Is Refugee Return Already Underway?
By SAW YAN NAING / THE IRRAWADDY
Representatives from refugee support agencies and international nongovernmental organizations are engaged in meetings with Burmese officials in Naypyidaw to discuss plans for the resettlement of internally displaced persons (IDPs) and war refugees in eastern Burma.
Included in the talks are the United Nations High Commissioner for Refugees (UNHCR), the United Nations Children’s Fund (UNICEF), the International Committee of the Red Cross (ICRC), and Burma’s Minister for Border Affairs. Several meetings have been held in recent weeks, but no group has been willing to disclose detail of the negotiations.
On April 25, Johannes Gerhard Ten Feld, the resident representative of the UNHCR, met with Burmese Minister for Border Affairs Lt-Gen Thein Htay in the capital to discuss ways to enhance cooperation between both parties in matters relating to the delivery of humanitarian assistance and the resettlement of displaced families, according to The New Light of Myanmar.
On May 15, the same newspaper reported that the Bangkok-based UNHCR office’s Southeast Asian Coordinator, James Lynch, had met with Lt-Gen Thein Htay and Deputy Minister for Border Affairs Maj-Gen Zaw Win in Naypyidaw where they “spoke frankly” about those same issues.
The level of talks is seen by many Burmese observers as a preparatory step for the repatriation of Burmese war refugees and the closure of nine refugee camps on the Thai-Burmese border. There are more than 1 million IDPs in eastern Burma and 150,000 Burmese refugees at camps along the border.
NGOs working at the Thai-Burmese border have been quick to surmise that both the Thai and Burmese governments are engaging with international organizations because they are paving the way for the repatriation of the refugees.
NGO sources said that three camps are being built in Myawaddy District in southern Karen State to house repatriated Burmese from two refugee camps in Thailand’s Tak Province, most likely Nu Po and Umpieng camps.
According to Thai military sources, a group of eight Burmese officials from Karenni State held a meeting with Thai authorities from bordering Mae Hong Son Province on May 17 in the northern Thai town of Mae Sariang.
The Burmese officials reportedly called on the Thai authorities to shut down refugee camps in Mae Hong Son and to repatriate Karenni refugees, as well as long-neck ethnic Padaung people who are currently housed in temporary camps in Mae Hong Son.
In a recent meeting with the rebel Karenni National Progressive Party (KNPP) in Mae Hong Son, the leading Burmese government peace negotiator, Aung Min, stated that Naypyidaw wants to begin the resettlement of Karenni refugees by the rainy season this year, presumably in June.
Recently, local Thai authorities have been informally surveying refugees from three camps along the Thai-Burmese border about their opinions and their intentions for the near future, said Sally Thompson, the deputy director of the Thailand Burma Border Consortium, the main humanitarian agency providing aid to the 150,000 refugees.
Thai authorities have reportedly been conducting the informal survey in Mae La camp, the largest refugee center in Tak Province, and two Karenni refugee camps in Mae Hong Son, northern Thailand, since mid-March.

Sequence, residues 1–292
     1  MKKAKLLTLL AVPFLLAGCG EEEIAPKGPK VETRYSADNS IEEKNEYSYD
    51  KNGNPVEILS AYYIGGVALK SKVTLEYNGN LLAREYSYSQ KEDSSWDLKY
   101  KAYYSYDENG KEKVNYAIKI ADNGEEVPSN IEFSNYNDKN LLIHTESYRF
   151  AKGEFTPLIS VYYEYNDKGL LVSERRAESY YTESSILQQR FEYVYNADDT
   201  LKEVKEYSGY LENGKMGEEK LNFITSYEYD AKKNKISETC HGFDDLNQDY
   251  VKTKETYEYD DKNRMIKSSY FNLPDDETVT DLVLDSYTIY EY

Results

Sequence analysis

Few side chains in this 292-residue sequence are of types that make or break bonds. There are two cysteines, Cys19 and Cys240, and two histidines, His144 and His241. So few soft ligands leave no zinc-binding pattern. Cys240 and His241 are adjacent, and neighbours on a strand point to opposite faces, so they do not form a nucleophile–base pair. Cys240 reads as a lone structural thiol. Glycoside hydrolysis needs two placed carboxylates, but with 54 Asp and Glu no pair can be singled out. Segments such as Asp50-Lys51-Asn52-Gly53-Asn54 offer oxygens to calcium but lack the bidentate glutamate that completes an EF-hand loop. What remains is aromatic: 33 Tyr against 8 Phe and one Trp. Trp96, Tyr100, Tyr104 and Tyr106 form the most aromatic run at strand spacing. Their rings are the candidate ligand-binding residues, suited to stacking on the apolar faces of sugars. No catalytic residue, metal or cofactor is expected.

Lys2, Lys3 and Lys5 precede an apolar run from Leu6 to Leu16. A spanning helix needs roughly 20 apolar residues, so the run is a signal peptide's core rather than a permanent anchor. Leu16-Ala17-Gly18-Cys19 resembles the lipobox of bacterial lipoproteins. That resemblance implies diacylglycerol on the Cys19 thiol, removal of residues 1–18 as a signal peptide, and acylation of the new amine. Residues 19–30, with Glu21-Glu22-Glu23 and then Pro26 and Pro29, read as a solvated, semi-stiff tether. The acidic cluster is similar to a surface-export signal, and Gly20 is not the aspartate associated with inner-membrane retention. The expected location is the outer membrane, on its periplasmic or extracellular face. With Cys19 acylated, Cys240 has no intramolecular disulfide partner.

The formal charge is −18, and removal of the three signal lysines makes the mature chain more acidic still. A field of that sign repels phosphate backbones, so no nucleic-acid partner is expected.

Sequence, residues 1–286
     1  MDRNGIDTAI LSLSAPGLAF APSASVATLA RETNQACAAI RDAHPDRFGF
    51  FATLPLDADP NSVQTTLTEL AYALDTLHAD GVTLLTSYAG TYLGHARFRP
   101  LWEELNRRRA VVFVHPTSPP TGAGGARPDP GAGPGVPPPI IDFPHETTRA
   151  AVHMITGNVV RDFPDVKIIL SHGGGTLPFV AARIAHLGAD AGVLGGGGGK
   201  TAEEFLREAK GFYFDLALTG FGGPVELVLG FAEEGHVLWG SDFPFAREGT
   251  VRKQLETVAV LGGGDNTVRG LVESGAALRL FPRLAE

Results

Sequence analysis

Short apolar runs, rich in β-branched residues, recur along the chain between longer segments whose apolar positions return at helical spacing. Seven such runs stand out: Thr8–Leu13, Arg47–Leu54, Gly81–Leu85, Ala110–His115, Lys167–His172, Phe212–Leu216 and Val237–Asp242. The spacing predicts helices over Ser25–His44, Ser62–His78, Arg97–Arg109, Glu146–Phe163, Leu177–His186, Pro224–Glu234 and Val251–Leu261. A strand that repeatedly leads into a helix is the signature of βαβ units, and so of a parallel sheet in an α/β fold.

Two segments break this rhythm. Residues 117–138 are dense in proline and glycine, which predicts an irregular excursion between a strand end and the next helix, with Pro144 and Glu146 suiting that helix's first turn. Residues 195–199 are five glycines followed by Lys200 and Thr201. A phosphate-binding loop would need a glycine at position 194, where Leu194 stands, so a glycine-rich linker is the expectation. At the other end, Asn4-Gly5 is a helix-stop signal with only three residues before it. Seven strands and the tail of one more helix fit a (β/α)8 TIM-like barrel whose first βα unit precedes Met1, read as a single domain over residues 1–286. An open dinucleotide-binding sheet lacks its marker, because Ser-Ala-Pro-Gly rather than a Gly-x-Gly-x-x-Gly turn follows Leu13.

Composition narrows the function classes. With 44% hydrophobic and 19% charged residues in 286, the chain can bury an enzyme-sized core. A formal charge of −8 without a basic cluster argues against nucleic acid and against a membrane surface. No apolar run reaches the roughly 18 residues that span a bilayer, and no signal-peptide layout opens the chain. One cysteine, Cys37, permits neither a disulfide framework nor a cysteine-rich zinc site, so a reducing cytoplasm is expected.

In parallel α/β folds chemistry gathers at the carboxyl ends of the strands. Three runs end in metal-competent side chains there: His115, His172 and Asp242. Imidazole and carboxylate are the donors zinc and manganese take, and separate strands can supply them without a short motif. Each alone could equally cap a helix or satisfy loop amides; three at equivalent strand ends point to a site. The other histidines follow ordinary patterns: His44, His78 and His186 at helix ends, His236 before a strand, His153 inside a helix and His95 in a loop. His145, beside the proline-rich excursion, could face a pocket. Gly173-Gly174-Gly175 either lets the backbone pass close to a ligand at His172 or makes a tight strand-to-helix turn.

“We have to prepare for the return of refugees, but there is still no timeframe for it,” said Thompson.
Some NGO sources said that any possibility of Burmese refugee repatriation must be conducted voluntarily and not until the peace process between the government and rebel Karen National Union (KNU) is guaranteed.
Since peace negotiations have begun, several refugees have returned to their abandoned villages in Karen State and other parts of eastern Burma to assess the damage, the safety, and the feasibility of returning.
And few refugee families in Ban Don Yang camp in Kanchanaburi Province were reportedly repatriated recently by Thai authorities, but voluntarily, said the sources.
Naw Dee, a housewife in Mae La Oon refugee camp in Mae Hong Son Province said that she has recently visited her hometown in Papun District in northern Karen State to observe the conditions on the ground.
She said that local villagers in Papun District are now rushing to buy (or seize) more land and marking their territories as the potential of a relative economic boom takers root in anticipation of a successful peace agreement.
Naw Dee, also a landowner in Papun District, said that she and other landowners now have to pay a local land tax to respective village heads.
Other refugees have been reported visiting their hometowns across Karen State. While leaving their wives and children at the camps, many men are returning to begin rebuilding their homes and planting crops.
Meanwhile, Norwegian Initiative, a pilot project which is believed to have received some US $5 million in funding from the Norwegian government, is consulting with local communities and conducting assessments among local villagers in IDP zones, as well as in Kyaukkyi District in Pegu Division.
Based on the findings of the needs assessments, the Norwegian Initiative said it will continue to work with ethnic armed groups, the government, international and national NGOs, and communities to support projects which provide peace dividends for people living in areas affected by armed conflict, a source said.
Kitty McKinsey, the regional spokeswoman for the UNHCR in Asia, said, “We know Myanmar is changing very quickly and we want to be prepared. But the return [of refugees] has to be voluntary.”